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Weekly Bulletin: Financial markets wary as US-China tensions rise


Investment Team

5 min read

In a muted week for global stock markets, poor economic data and acrimonious US-China relations held centre stage.  The oil price regained some of the ground lost in April, but a rising gold price underscored investor nerves.

Market update and economic developments

Financial markets seemed slightly more uneasy last week, as economic data indicating the true magnitude of the global pandemic begins to emerge, and fresh tensions between the US and China continued to unfold.

  • March figures from the UK’s Office for National Statistics showed that just nine days of lockdown conditions at the end of the month led economic output to fall by 5.8% versus February. Over the first three months of the year, the economy contracted by 1.6% (versus Q1 2019). Underlying these headline figures, the services, production and construction sectors saw record declines. Given that the UK has remained in lockdown conditions for the first six weeks (and counting) of the new financial quarter, economic growth figures for Q2 2020 are likely to be dire.

  • Meanwhile, the genie is well and truly out of the bottle for COVID-19, with second wave outbreaks now in evidence in a number of areas of the globe which had begun to open up. Lockdown conditions are being eased at a mixed pace around the world, but in the UK the government is struggling to reverse its ‘stay at home’ message in small phases. More encouragingly, a vaccine trial in Oxford has produced some promising initial results.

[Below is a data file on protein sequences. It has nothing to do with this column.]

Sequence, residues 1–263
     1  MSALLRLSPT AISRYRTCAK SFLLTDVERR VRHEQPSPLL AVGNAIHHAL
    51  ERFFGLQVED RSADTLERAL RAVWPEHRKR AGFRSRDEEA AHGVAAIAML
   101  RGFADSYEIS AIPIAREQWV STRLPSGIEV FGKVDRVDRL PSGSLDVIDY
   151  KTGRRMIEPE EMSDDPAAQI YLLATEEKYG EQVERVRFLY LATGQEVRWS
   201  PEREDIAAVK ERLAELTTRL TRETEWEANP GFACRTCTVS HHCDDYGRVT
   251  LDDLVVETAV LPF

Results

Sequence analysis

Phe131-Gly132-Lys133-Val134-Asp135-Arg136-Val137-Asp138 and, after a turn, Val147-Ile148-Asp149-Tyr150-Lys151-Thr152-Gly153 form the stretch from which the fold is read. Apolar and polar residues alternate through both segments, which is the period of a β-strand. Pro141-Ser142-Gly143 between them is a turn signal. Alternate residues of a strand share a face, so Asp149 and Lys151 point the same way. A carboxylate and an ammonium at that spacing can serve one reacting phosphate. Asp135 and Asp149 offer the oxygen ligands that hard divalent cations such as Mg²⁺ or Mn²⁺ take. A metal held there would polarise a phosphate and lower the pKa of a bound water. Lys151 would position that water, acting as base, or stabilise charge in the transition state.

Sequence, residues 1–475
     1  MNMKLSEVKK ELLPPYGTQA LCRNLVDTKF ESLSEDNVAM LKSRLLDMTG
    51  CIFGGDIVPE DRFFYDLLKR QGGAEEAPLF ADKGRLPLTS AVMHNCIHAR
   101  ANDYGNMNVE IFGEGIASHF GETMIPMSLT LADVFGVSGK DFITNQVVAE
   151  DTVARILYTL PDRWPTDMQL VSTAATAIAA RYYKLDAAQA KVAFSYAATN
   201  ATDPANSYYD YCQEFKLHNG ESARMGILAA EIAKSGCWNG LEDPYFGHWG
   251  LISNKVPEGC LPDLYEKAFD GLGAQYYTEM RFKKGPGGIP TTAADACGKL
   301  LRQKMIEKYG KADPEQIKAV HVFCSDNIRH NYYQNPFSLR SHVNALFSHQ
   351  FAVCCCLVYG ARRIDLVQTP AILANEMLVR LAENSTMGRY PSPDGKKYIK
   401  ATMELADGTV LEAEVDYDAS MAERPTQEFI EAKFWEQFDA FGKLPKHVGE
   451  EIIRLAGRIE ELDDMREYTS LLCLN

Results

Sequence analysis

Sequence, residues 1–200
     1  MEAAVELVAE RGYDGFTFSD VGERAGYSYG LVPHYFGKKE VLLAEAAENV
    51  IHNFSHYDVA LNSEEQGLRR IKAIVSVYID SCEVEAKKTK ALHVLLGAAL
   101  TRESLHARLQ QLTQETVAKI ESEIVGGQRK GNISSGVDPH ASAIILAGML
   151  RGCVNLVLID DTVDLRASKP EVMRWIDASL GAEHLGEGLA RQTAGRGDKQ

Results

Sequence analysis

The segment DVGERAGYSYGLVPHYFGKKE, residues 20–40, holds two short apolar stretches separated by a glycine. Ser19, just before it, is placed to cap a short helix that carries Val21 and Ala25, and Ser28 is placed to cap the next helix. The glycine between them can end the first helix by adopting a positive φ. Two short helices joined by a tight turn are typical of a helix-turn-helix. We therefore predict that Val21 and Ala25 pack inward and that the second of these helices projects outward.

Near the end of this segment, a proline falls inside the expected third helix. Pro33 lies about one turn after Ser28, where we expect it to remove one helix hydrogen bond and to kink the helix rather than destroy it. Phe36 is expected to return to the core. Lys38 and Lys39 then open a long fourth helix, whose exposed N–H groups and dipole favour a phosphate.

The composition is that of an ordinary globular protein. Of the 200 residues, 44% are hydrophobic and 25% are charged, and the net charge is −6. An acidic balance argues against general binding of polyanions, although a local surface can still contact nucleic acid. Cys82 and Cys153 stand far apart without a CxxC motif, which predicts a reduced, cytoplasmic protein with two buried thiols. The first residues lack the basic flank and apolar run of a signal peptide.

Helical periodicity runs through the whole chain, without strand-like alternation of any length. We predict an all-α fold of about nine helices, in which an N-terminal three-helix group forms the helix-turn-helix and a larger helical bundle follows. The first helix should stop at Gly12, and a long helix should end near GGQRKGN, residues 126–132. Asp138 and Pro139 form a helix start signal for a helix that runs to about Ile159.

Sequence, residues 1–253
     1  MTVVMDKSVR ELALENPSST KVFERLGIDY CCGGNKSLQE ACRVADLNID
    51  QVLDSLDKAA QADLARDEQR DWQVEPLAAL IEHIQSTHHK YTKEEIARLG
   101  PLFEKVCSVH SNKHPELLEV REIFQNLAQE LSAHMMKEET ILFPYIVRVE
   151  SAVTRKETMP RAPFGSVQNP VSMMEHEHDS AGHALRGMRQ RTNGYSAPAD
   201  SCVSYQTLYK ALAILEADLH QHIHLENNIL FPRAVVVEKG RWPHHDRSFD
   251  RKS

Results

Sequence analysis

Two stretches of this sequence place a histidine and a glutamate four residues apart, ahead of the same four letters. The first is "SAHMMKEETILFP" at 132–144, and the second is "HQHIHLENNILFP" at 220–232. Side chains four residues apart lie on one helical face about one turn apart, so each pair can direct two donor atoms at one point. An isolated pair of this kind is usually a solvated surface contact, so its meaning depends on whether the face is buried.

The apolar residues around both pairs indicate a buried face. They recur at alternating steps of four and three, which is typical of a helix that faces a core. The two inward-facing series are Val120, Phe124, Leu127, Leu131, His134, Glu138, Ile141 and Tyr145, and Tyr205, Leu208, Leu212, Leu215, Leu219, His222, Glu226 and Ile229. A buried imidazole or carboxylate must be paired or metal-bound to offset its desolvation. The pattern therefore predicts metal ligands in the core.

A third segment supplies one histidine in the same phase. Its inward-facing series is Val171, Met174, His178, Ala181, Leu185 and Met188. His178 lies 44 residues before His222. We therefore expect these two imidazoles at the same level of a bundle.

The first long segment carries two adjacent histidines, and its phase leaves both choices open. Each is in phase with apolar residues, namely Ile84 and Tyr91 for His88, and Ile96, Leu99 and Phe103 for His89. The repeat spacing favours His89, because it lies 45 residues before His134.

• Across the Atlantic, the White House is ratchetting up its rhetoric against China, particularly regarding the origins and initial handling of the COVID-19 outbreak. US economic data has been incredibly poor amid the pandemic, with almost 3 million US citizens filing for unemployment benefits, and industrial production delivering its worst monthly reading since records began. President Trump has claimed that he will restrict the supply of US semiconductors to Chinese telecommunications giant Huawei.

  • In the US presidential race, the latest polls suggest that Trump is also losing ground to his challenger, Joe Biden, ahead of November’s election. If there is a link between Trump’s polling position and his increased pressure on China (i.e. a distraction or rallying tactic), we should expect rising US-China tensions for at least as long as Biden remains in the lead.

What to look out for this week

  • A number of central bankers (including US Federal Reserve Chair Powell) are due to speak throughout the week. Given the very accommodative measures already in place, investors will be watching closely to discern any potential next steps.

  • Survey data covering manufacturing and services sectors from around the world is due for release towards the end of the week. The results could give an indication of how regional economies are faring.

Weekly market moves

  • Most major stock markets around the world recorded losses last week. For UK investors, a weaker sterling tempered losses from overseas assets (due to the translation effects of their stronger base currencies).

  • Against this backdrop, gold (a traditional ‘safe haven’ asset) moved up to price levels last seen in 2012.

  • The oil price continued to regain some of its composure following a chaotic late April for US oil in particular.


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Investment Team

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